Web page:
Rose Tinted Love
We've all heard the expression, "Love is blind," but in reality it is not. At times love may be seen through lenses that provide a distorted visual, or worse yet a full-blown hallucination! The word "blind" suggests a permanent state of being. However, love is rarely blind after the "honeymoon" stage ends and reality sets in. Eventually the glasses come off, if only for a moment, and we are able to see the flaws in our sweetheart. We all have them, and it is not fair or realistic to expect your mate to be flawless. When the problems are minor, we-figuratively-replace the glasses and choose to overlook them, maybe even doubt or deny them. It's no big deal when they're relatively inconsequential. But what if they're major? What if they are things that we cannot or should not learn to live with?
But They Shouldn't Be Terrible Either
It's best to know somebody as well as possible before committing to a marriage or long-term relationship. Unfortunately, there are people who are very good at disguising their true selves until they feel secure that we can't, or won't, leave them. We should show such a person how wrong he or she is about that. For no reason should we ever stay in a relationship that is abusive and destructive. The longer we do, the more our self-esteem will erode, and the harder it will be to pick ourselves up.
Sticks and Stones
I'm not only talking about physical violence. I mean any relationship where our partner is too controlling and/or verbally and psychologically abuses us. This may or may not involve physical violence or the threat of it. Frequent angry outbursts, name-calling, and the withholding of love and affection can be equally devastating. God knows, and so do I, that we all deserve better. The truth is that no one deserves to be treated that way.
Some stay in relationships that are abusive because they do not believe they deserve better; they are wrong. Or maybe they feel stuck. Sometimes they're just really scared. Maybe they are dependent on their partner financially, or when kids are involved, they are afraid of hurting the children.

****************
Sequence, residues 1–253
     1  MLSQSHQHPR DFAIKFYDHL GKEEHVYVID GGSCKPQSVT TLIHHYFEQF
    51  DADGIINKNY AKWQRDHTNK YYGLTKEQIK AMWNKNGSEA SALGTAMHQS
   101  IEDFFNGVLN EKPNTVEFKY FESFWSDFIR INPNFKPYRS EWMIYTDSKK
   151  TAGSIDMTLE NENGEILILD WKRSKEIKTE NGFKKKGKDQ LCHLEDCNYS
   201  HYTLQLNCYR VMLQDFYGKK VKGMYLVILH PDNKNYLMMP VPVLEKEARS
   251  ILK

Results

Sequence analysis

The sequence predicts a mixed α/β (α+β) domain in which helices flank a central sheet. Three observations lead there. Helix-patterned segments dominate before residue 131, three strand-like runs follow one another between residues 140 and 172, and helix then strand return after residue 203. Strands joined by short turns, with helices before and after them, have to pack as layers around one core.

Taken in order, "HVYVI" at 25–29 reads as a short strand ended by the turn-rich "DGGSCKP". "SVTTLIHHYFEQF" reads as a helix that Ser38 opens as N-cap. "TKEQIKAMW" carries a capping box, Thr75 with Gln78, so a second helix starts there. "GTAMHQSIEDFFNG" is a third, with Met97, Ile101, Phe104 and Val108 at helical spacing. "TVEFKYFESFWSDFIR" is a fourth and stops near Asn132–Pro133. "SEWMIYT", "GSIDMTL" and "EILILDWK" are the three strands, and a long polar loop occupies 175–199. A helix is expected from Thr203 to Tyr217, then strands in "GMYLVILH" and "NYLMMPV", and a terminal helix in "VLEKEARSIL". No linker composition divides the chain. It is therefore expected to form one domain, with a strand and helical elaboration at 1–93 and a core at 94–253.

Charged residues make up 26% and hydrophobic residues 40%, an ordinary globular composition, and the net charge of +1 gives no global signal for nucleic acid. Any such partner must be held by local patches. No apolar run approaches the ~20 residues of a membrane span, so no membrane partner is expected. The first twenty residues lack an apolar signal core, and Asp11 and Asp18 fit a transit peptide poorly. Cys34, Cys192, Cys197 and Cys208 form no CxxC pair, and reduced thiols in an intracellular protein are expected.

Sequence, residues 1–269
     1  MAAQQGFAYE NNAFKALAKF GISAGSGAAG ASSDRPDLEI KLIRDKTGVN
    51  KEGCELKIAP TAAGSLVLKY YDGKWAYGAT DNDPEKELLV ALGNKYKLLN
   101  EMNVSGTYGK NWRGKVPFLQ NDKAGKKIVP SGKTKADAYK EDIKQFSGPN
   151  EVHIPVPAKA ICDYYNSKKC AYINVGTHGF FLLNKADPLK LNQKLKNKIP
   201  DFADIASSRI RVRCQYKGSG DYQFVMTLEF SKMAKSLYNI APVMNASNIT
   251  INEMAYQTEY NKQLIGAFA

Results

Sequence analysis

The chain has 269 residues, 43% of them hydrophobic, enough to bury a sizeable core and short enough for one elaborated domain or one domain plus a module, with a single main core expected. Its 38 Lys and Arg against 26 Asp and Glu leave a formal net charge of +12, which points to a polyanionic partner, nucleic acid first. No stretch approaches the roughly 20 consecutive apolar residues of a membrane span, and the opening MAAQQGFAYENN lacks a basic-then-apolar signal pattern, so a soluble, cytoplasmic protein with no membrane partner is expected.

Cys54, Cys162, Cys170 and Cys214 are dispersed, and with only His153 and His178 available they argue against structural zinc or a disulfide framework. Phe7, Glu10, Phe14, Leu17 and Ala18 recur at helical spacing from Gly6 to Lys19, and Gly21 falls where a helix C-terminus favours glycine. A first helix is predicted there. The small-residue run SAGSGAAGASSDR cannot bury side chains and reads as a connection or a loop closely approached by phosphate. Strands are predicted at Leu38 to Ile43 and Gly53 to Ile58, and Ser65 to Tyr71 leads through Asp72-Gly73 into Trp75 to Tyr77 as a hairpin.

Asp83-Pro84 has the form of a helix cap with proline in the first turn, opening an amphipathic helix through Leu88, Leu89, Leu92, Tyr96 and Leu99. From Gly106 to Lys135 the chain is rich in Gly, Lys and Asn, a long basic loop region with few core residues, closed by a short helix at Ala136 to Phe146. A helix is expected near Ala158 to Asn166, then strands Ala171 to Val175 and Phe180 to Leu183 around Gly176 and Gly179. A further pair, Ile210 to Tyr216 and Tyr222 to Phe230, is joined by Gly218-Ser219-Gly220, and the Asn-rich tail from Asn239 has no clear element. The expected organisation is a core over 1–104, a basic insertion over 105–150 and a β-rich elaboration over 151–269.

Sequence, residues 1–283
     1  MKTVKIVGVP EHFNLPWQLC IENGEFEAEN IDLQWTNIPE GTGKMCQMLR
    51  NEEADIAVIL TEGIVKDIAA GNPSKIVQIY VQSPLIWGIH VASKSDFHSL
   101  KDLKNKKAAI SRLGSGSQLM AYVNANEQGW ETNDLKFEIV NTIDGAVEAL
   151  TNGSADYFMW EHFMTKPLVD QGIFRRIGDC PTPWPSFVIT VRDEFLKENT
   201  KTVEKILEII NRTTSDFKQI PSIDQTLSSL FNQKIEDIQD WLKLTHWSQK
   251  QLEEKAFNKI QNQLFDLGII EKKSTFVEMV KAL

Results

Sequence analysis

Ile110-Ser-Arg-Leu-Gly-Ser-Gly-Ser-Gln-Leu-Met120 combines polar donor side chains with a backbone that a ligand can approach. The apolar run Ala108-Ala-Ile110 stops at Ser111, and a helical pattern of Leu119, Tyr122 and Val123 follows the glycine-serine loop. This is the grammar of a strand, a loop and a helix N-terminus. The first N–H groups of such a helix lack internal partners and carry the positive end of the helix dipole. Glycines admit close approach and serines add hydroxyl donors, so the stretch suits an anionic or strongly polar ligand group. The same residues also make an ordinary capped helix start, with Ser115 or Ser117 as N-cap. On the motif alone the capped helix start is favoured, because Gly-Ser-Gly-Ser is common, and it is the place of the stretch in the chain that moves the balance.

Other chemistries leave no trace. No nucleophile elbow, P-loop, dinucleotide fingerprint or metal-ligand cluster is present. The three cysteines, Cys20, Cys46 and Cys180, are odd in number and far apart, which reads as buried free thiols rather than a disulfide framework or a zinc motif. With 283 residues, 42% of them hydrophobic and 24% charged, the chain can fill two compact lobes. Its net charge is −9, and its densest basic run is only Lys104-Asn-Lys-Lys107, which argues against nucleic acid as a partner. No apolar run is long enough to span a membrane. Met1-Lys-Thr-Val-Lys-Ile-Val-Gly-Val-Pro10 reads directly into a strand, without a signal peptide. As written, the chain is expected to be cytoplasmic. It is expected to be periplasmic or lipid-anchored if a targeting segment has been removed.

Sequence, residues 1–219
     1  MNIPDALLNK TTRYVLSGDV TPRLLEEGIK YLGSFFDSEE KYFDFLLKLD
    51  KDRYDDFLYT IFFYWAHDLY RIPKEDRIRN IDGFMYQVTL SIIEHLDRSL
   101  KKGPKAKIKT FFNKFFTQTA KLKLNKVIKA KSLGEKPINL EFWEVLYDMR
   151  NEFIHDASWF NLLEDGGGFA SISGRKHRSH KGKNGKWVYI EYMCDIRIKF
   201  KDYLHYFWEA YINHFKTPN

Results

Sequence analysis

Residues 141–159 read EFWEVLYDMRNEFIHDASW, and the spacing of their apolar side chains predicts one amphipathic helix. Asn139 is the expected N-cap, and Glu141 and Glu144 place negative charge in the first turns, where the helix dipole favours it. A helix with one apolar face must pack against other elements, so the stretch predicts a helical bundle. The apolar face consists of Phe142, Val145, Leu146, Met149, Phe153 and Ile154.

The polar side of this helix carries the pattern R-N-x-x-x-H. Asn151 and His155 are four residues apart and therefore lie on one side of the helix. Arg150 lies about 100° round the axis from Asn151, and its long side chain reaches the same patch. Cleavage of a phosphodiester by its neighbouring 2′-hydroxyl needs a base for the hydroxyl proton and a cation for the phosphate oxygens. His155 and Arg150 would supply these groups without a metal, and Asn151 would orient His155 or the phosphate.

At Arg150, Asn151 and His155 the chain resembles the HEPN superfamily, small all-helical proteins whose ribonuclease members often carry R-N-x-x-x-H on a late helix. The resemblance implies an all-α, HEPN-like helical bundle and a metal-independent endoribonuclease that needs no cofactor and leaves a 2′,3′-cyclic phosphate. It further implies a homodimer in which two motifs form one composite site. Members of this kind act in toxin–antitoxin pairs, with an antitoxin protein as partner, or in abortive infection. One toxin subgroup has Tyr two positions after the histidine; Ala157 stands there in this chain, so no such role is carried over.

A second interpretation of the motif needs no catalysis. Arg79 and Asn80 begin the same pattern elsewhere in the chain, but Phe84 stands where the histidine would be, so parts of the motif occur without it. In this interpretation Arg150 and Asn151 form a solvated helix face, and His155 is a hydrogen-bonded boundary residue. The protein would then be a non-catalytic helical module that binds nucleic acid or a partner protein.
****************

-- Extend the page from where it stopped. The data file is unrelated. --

The reality is that the children are already being hurt. They will either identify with the abuser or the victim-normally according to which of the two's gender matches their own-and they are likely to repeat the pattern in their relationships. The victim does them no favors by allowing them to see him/her forsaking his/her own well-being. As far as financial dependence is concerned, the person may have to give up some luxuries, for awhile at least. It's worth it in the end. There are plenty of good people in the churches and in the community who make it their mission to help people in situations like this. They aren't hard to find.
It can be difficult enough to admit to ourselves that we were wrong about someone, let alone admit it to others. This is especially true of those who warned us ahead of time. Chances are they warned us because they love us, and they were able to see what we could not at the time. We need to swallow our pride, admit we were wrong, and thank them for trying. Most importantly we should learn from this experience. People who genuinely love us and have our best interests at heart can be like seeing-eye service dogs, helping when we can't see well by warning us of potential dangers.